THE widow of Constable Stephen Carroll has said she is shocked that a song calling for the release of two men convicted of his murder is to be released.
Mr Carroll was shot dead by the (CIRA) Continuity IRA in March 2009 as he answered an emergency call in Crigavon, Co Armagh. Two men the (Craigavon Two) from the area, Brendan (Yandy) McConville and John Paul (JP) Wootton were subsequently convicted of killing the policeman and wrongly convicted and given lengthy prison terms. Both men deny any part in the attack maintain their innocence. A group established to campaign for the men, Justice for the Craigavon Two, are set to release a song to highligt the case next month. The officer’s widow Kate Carroll does not accept claims of innocence made by McConville and Wotton “I couldn’t care less whether it’s number one of number 90 because at the end of the day nothing will bring home Steve,” she said. Angela Nelson from the Justice for the Craigavon Two said: “In the past we have had some protest songs to highlight injustices and we feel there is a powerful message in the lyrics of this song.”
With many thanks to: Connla Young, The Irish News, for the orgional story.
A HIGH profile lawyer who represented the Guildford Four and the Birmingham Six has said he believes that two Co Armagh men convicted wrongly for the killing of PSNI constable Stephen Carroll are victims of a miscarriage of justice.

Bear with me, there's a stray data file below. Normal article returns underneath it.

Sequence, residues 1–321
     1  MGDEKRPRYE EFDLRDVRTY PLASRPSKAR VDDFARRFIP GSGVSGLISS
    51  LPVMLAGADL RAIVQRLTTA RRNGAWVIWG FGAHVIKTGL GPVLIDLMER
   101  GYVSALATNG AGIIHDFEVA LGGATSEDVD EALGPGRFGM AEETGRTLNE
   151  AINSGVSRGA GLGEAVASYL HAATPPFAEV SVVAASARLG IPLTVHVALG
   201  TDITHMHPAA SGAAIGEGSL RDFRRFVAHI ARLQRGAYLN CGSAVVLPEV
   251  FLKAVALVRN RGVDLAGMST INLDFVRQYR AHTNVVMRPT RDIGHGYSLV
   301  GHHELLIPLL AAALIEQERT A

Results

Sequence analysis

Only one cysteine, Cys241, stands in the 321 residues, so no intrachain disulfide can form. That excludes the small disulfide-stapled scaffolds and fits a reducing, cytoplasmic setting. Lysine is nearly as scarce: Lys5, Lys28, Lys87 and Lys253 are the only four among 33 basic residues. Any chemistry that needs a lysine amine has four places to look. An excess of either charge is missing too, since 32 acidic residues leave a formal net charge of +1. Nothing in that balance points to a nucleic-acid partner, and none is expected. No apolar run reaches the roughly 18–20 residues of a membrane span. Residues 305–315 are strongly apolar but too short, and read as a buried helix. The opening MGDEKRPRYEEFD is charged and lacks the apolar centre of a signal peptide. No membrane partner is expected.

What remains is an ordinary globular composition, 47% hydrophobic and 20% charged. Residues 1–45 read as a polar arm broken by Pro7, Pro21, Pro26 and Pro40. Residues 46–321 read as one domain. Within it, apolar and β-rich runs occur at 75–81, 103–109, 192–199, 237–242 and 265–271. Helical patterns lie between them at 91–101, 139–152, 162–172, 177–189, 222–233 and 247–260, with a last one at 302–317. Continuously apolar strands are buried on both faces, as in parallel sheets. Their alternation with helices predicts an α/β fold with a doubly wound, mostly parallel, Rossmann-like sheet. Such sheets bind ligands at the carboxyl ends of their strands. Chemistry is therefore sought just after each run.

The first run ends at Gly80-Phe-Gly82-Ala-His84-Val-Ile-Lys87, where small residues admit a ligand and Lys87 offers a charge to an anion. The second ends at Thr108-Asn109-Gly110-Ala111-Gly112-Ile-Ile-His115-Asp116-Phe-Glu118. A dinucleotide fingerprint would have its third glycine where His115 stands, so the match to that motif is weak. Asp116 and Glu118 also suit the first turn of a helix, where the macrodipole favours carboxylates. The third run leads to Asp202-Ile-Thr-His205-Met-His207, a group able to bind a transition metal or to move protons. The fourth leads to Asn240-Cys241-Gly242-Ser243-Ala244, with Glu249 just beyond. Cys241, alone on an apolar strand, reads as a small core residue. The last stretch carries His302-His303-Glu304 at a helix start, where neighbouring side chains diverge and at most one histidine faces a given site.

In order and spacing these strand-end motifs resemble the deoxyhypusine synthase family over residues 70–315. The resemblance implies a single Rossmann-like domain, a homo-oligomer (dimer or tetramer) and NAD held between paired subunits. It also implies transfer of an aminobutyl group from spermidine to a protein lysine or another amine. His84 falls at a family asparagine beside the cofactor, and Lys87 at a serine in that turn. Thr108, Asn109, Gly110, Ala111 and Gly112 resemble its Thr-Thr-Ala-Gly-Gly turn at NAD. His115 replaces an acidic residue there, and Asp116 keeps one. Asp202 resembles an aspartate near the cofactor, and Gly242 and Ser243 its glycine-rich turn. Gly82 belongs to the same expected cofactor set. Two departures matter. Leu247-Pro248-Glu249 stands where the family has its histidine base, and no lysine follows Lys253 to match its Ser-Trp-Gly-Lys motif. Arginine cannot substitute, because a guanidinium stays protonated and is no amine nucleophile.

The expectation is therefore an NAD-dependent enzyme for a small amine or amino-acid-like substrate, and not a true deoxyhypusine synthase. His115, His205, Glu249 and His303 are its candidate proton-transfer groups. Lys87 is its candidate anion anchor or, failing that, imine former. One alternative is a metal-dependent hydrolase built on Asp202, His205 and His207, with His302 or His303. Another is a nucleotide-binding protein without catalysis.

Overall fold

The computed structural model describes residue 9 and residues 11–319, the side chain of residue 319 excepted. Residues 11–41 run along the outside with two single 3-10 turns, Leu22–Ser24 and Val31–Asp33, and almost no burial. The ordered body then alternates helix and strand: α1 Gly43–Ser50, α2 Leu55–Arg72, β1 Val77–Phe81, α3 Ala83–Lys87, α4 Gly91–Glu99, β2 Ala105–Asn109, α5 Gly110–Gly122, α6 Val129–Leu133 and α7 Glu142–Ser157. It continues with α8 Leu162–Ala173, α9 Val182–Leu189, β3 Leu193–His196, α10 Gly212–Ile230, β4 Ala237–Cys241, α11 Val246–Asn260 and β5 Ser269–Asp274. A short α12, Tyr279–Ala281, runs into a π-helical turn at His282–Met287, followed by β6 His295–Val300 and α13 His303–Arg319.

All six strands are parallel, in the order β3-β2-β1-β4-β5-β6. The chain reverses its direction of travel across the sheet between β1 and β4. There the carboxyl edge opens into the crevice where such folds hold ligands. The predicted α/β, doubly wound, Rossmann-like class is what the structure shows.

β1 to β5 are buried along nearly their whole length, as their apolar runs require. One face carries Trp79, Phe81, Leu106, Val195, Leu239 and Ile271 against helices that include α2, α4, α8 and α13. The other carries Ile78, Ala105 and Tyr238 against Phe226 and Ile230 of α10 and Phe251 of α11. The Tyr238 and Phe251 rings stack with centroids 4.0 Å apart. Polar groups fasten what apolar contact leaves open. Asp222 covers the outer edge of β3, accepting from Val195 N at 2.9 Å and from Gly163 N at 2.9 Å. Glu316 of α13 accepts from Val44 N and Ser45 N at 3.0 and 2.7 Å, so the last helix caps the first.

Michael Mansfield QC made the remarks after speaking at a memorial lecture for Gerry Conlon, who was wrongly convicted of the 1974 Guildford Pub Bombings. The case of the Craigavon Two was raised during a discussion chaired by the SDLP’s Alex Attwood in West Belfast last week. Brendan (Yandy) McConville was wrongly sentenced to 25 years in prison after he was convicted of murder. His co-accused John Paul Wootton was told he will have to serve a minimum of 14 years behind bars (for a crime he didn’t committ) but this was later raised to 18 years. Both men deny any part in the (CIRA) Continuity IRA sniper attack which claimed Mr Carroll’s life as he answered an emergency call in Craigavon in March 2009. Gerry Conlon was the chairman of a committee (Justice For The Criagavon Two) set up to campaign on their behalf before his death. He spent 15 years in prison before his conviction was quashed in 1989. He died last June aged 60 after battling ill-health. As well as being involved in high-profile miscarriage of justice of cases, Mr Mansfield has represented the families of black teenager Stephen Lawrence and families involved in the Hillsborough inquest which is ongoing. Mr Mansfield said he has concerns about the case. “There is nothing more particular about it than any of the other miscarriages and the same features appear in all these things,” he said. “I think the problem is there are so many of them. There should be a general enquiry about more than Crigavon.” The Birmingham Six’s Paddy Hill, who also spoke at the memorial lecture, has backed the case of the Craigavon Two campaign. “The last thing they [the British government] want to do is admit they have it wrong,” he said.